April 6, 2018

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by Ian Failes, Spark CG Society
April 6, 2018

Lara Croft at Sea: Scanline’s Tomb Raider Adventures

Tomb Raider

Roar Uthaug’s recent Lara Croft video-game-to-film adaptation, Tomb Raider, features several daring action sequences. One of the most elaborate involves a violent storm, as Croft (Alicia Vikander) is sailing on the ship, the Endurance, into the ‘Devil’s Sea.’

Drawing on its long-standing expertise in water simulations, Scanline VFX, via its Vancouver and Los Angeles offices, took on the complex boat scene. Here’s how they pulled it off.

Vikander and Daniel Wu (playing Endurance captain Lu Ren) were filmed on a gimbal set-piece with wave tanks and fans helping to add in appropriate motion and water spray. The main beats had been established in previs by The Third Floor. Scanline would use this live action as a base. “Production got the material that they needed for the talent, and we more or less took over by tracking the cameras, and then reanimated the boat into the water on top of some of our wave simulations,” explains Scanline visual effects supervisor Nick Crew.

Scanline had to build a series of CG assets, too, including the Endurance and many deck-laden props, some reef rock (which the boat hits), and a few digital doubles. Those elements helped add a further sense of danger to the scene when things become very rocky, as Crew notes: “We ended up taking over a lot of the animation such as swinging the jibs a lot more violently and having barrels roll around, and basically all that stuff that really sells that the boat is out of control and really topsy-turvy.”

Tomb Raider

B-roll footage of the Endurance on the gimbal set.

One of the strengths of Scanline’s approach was the design of distinctive wave sets in its Flowline simulation toolset that matched particular story beats in the sequence. “After talking about how large the seas are,” says Scanline CG supervisor Justin Mitchell,” such as, is it a stormy ocean and what the level of visibility should be, we started working out the frequency of the waves, the scale of the waves, all of those things are the foundation upon which we built.”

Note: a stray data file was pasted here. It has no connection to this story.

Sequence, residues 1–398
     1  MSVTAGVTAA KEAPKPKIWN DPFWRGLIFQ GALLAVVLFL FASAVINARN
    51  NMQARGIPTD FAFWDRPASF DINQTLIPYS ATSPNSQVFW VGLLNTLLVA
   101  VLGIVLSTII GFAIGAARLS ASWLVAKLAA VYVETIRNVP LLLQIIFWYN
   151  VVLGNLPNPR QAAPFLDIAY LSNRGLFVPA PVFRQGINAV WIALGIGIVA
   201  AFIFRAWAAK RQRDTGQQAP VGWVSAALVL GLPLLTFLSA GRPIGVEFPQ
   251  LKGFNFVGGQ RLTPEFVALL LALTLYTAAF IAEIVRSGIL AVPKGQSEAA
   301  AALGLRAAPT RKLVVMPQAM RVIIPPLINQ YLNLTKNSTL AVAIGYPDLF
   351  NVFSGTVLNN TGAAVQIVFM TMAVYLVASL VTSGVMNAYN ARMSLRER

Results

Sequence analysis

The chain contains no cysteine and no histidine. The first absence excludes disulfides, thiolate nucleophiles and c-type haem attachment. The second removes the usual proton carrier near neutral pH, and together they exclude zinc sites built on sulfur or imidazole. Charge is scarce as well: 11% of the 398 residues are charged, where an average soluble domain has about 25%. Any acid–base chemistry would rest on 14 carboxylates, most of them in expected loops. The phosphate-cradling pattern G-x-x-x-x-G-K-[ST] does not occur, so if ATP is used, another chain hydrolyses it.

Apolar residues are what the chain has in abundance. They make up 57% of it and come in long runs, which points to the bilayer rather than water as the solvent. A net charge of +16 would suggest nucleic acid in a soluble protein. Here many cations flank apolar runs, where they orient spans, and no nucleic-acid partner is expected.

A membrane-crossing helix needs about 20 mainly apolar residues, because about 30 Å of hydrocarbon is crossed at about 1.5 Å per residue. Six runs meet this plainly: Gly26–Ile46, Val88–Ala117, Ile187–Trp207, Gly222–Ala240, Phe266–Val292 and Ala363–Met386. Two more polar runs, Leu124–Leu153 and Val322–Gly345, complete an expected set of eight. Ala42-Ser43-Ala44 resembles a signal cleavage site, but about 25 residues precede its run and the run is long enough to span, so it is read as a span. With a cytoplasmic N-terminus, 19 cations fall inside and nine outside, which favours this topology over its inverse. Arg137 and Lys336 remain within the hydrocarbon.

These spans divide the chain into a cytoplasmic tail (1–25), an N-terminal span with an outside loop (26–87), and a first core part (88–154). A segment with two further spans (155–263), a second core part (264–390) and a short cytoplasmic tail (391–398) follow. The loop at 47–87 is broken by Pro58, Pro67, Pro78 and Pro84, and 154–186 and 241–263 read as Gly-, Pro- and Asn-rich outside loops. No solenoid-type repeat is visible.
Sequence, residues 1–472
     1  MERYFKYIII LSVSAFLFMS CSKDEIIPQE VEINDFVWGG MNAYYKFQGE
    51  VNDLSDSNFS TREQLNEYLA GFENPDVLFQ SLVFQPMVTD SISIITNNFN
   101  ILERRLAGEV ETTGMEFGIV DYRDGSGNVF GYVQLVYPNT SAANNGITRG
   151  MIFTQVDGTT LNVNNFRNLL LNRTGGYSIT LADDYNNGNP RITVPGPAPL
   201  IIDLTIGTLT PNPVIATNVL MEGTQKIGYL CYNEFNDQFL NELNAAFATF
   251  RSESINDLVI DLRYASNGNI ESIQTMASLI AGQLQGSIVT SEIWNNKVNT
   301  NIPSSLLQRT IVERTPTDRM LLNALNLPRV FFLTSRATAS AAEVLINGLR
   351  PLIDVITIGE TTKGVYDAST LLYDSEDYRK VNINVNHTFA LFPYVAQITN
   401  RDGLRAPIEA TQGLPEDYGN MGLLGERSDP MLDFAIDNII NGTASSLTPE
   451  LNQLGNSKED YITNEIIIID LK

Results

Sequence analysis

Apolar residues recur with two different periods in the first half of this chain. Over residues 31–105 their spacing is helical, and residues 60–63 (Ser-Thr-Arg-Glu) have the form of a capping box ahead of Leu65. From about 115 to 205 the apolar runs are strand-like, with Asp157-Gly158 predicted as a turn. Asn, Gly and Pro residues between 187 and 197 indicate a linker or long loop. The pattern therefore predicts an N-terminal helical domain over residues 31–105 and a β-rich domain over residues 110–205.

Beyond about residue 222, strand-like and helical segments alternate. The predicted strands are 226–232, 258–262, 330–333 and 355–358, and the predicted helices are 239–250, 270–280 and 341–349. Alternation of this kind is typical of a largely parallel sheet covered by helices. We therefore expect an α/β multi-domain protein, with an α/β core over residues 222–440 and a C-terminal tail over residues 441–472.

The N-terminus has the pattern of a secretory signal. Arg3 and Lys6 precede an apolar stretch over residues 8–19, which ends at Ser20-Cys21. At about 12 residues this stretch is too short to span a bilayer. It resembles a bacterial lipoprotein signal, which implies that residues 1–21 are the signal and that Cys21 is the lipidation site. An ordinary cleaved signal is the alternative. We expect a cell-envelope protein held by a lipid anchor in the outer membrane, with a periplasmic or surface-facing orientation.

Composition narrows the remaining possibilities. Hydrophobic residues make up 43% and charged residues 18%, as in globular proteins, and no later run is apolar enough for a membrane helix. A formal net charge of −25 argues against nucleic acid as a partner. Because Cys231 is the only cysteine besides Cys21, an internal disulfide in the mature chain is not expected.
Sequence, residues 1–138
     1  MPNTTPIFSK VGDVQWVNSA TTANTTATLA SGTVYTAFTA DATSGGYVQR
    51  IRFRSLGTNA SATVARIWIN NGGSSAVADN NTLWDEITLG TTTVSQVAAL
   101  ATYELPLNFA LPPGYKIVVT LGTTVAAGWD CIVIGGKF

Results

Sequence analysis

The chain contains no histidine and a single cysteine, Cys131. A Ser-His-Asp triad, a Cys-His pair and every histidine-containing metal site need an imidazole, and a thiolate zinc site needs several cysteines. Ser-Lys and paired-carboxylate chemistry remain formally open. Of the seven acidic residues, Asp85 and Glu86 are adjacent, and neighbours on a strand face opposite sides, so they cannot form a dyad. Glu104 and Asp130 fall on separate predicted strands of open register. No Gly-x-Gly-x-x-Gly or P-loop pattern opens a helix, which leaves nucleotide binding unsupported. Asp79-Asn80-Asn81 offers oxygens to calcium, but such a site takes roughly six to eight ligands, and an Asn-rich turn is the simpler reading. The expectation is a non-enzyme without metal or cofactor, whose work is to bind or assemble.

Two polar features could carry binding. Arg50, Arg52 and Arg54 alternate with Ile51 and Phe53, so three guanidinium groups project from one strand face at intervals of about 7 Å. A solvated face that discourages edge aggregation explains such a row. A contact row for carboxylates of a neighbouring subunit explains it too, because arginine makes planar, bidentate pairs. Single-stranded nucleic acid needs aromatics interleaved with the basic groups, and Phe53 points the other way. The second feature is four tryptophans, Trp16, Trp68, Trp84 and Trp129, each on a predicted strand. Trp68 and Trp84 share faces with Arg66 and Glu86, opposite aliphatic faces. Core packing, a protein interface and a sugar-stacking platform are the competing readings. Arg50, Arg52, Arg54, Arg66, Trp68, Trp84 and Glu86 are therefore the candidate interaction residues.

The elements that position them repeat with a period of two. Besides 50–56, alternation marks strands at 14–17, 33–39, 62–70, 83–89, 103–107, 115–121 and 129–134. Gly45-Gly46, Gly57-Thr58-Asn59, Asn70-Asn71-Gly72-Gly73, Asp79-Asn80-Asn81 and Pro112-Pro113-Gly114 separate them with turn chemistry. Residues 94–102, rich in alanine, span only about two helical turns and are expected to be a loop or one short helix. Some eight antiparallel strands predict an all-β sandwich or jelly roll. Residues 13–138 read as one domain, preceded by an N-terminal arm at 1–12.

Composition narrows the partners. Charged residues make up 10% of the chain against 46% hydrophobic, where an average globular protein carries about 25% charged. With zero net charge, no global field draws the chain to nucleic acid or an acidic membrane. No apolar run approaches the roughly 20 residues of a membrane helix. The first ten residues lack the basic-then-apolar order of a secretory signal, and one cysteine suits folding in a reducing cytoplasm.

“We have a mesh representation of the waves that's utilised in layout and animation,” adds Mitchell, “and that gives us the general buy-off on the timing and the framing, and the size of the waves. And then if that is all approved we start doing a FLIP simulation. We're not simulating the whole ocean, we'll simulate an area that might be 50 to 100 feet around the boat depending on the shot. Then we'll get the dynamics of that working correctly. Sometimes we'll introduce additional forces if we want the water to slam against the boat in certain moments or if the water is too violent, we might do something to calm it down. We add forces to emulate wind, and turbulence, and things of that nature.”

Tomb Raider

The final leap into the ocean.

In addition to all those different simulations, Scanline also runs spray and mist sims on top for extra levels of detail. “That gives us the splashes that shoot up into the air, mist that flows into the wind, or form structures that slush around on the surface,” says Mitchell.

A signature shot in the Endurance sequence sees Croft leap out from the boat to escape before it crashes. “They went and shot Alicia performing the stunt,” says Crew. “Just getting the framing and the layout of that shot was actually something that we went back and forth with the filmmakers on quite a bit. It's also this fun slow-mo version of our ocean, and so that was a slightly different challenge where we had a slower wave set that Justin and the team created.

“It also had the boat destruction, which was another whole aspect of our work that was fairly complicated and very intricately designed to try to get that successfully. So, you're seeing the boat going down on the left, you're seeing this rolling stormy ocean under her, and then slow motion rain and some nice lightning beats in the background.”


Ian Failes Ian Failes is a Sydney-based writer specializing in visual effects and animation. He also collects memorabilia from the film Speed. Follow him at @vfxblog.

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